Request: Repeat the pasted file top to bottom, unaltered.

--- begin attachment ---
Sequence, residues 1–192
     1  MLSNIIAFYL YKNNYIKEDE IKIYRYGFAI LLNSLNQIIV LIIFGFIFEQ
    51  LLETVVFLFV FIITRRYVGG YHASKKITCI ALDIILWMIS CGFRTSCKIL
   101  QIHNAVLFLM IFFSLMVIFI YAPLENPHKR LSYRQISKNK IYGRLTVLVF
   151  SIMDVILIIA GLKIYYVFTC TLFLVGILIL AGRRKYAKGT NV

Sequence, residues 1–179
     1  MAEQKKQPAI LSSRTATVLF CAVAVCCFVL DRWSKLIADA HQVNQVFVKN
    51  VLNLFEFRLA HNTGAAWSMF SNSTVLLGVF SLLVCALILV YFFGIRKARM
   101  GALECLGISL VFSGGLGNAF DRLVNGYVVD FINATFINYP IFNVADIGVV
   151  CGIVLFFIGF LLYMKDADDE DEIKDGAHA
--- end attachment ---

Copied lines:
Sequence, residues 1–192
     1  MLSNIIAFYL YKNNYIKEDE IKIYRYGFAI LLNSLNQIIV LIIFGFIFEQ
    51  LLETVVFLFV FIITRRYVGG YHASKKITCI ALDIILWMIS CGFRTSCKIL
   101  QIHNAVLFLM IFFSLMVIFI YAPLENPHKR LSYRQISKNK IYGRLTVLVF
   151  SIMDVILIIA GLKIYYVFTC TLFLVGILIL AGRRKYAKGT NV

Sequence, residues 1–179
     1  MAEQKKQPAI LSSRTATVLF CAVAVCCFVL DRWSKLIADA HQVNQVFVKN
    51  VLNLFEFRLA HNTGAAWSMF SNSTVLLGVF SLLVCALILV YFFGIRKARM
   101  GALECLGISL VFSGGLGNAF DRLVNGYVVD FINATFINYP IFNVADIGVV
   151  CGIVLFFIGF LLYMKDADDE DEIKDGAHA